Sunday, 27 June 2010

Alan Wake

Alan Wake is kind of unique. In the endless sea of samey shooters with very little story (take Call of Duty - OH GOD! THE RUSKIES HAVE INVADED! FIRE THE DEATH BEAMS!), Alan Wake is entirely story driven.  The premise is that an author (the titular Alan Wake) with writer's block goes on holiday to try and get some R&R and restore his passion for writing. Things don't go entirely to plan when his wife, Alice, reveals that she brought along a typewriter. Alan storms out, his wife screams, she's gone. He dives into the water, thinking that's the only place she could have gone, then wakes up a week later with no memory of what happened in the intervening time. Not exactly the week of rest he was expecting, then.
Alan Wake's gimmick, if you will, is how you deal with the Taken (the enemies of the game). To kill them, you first have to eliminate their cloud of darkness with your flashlight, then shoot them. The premise, here, then, is that the Taken are possessed by the 'Dark Presence' (the mysterious antagonist of the game) and that they're after you for unknown reasons. The 'fight with light' gameplay works well, adding an extra dimension to pointing and shooting. Unlike other games, the protagonist isn't an all-powerful space marine and so isn't really skilled with a gun. Lock-on is almost non existant and you feel that much more satisfied when you take down a pack of enemies.
There aren't many weapons in the game, but that's a good thing - all of the weapons included, from the revolver to the hunting rifle and the flare gun, perfectly fit in with the setting of a sleepy town with an annual hunting festival. The flare gun, too, is your ultimate weapon - able to disintegrate Taken with ease, it's the rocket launcher of Alan Wake, according to the developers. Naturally, then, ammo is scarce for it, but when you get it, don't save it for a boss fight - you lose all your ammo at the start of every chapter.
The beauty of Alan Wake is its story, so I won't spoil it here. However, the ending is absolutely incredible. It ends suddenly and leaves you working things out through the credits. You'll eventually reach  'Oh, so THAT'S what happened moment,' when everything comes into focus and you realise what the whole story means.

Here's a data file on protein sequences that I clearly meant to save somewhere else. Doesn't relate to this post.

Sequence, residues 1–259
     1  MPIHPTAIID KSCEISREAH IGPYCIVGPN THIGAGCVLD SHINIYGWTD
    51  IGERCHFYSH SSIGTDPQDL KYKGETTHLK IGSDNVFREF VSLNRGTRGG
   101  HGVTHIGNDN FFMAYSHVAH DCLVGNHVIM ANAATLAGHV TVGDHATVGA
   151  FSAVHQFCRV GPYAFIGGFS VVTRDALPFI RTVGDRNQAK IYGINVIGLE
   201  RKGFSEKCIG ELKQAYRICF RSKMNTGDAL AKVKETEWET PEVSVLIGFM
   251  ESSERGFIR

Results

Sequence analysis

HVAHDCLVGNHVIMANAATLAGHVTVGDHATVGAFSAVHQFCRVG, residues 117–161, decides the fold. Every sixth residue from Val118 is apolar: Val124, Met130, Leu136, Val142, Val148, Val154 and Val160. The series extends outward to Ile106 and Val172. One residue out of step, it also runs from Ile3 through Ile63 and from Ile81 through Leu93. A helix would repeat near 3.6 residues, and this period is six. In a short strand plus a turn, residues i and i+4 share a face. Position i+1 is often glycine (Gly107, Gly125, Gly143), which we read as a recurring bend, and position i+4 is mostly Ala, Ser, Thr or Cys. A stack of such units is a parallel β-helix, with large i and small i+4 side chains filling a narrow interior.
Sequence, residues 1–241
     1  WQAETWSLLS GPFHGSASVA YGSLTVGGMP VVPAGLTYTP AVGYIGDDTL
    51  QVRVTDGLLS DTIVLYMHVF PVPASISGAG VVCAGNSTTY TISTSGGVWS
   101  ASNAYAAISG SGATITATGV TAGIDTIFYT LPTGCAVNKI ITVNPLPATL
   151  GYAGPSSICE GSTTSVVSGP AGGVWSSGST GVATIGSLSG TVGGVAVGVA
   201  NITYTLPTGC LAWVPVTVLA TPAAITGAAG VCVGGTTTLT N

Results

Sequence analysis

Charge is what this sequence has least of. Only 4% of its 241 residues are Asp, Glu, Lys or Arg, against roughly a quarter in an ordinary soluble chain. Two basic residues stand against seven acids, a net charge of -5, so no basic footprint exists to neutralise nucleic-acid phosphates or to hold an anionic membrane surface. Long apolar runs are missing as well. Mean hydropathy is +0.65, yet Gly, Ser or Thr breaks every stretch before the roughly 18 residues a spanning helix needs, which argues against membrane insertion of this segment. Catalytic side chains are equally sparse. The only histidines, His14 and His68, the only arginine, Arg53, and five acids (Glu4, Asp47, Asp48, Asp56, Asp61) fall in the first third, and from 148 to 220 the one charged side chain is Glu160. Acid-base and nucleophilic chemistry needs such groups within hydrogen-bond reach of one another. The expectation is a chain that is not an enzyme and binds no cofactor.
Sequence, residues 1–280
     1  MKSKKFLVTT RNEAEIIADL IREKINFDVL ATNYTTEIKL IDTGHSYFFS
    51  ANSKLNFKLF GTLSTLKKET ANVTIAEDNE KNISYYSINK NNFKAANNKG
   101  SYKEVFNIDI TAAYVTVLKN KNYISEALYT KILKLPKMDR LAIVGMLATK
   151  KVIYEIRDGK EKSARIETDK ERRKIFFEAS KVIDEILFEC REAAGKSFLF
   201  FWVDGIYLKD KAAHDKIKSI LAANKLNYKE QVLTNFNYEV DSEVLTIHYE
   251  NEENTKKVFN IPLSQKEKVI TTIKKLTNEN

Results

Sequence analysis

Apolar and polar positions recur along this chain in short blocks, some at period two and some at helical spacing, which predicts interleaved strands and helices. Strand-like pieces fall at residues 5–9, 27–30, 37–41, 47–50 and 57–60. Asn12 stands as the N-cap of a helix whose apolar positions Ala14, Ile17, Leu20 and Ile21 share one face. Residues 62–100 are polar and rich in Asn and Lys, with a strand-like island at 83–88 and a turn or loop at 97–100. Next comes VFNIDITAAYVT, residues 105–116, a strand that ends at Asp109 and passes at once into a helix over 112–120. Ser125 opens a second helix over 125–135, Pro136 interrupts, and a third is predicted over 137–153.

Alan Wake is a 'Psychological Action Thwiller' according to the game's designers. It's a thriller, so there are some occasional scares. I'm gonna keep this fairly ambiguous, so you're not ready for it, but one of the most memorable, for me, was when I was tasked with retrieving something in chapter 2. I had grabbed it and thought I was completely safe, strolling slowly towards my destination. Suddenly, a Taken jumped out at me and made me literally shout out in fear and surprise. What followed was one of the most hectic battles of the game for me, as I fumbled the controller with my trembling fingers, trying to defeat one Taken.
A game that can scare you with just one enemy is doing pretty well.
The characters of Alan Wake are a mixed bag. Both Alan and Alice Wake aren't really explained as characters, not really evolving from the start of the game to the end. Barry Wheeler, Alan's agent, is the comic relief of the game and you'll either love him or hate him. I, personally, found him brilliant, but I can see how people would hate him. Sheriff Breaker is the archetypal tough female, who softens up by the end. Nightingale is the grizzled FBI cop who doesn't exactly develop his character through the story, more develop his accent. The characters are kind of typical, but the player can empathise with them, which is important. This, I think, is the biggest failing of the game - none of the characters are particularly interesting and, outside of Barry, none of them are memorable.
Alan Wake isn't a long game. It took me maybe 10 hours to complete on hard difficulty, including time spent scouring the game world for manuscript pages and other collectables. I'm currently replaying it on Nightmare difficulty and this time, it's taking me even less long. However, the length is suitable for the game - it means that the gameplay doesn't outstay its welcome and the story isn't too long and confusing.
Alan Wake, then, is a great game. The story is engaging, the combat, although pretty samey, is fun and it is just the right length. Although the characters can be wooden (not helped by occasionally very poor voice acting), the game is good enough to allow the player to skip over the poor characterisation and still enjoy the underlying story.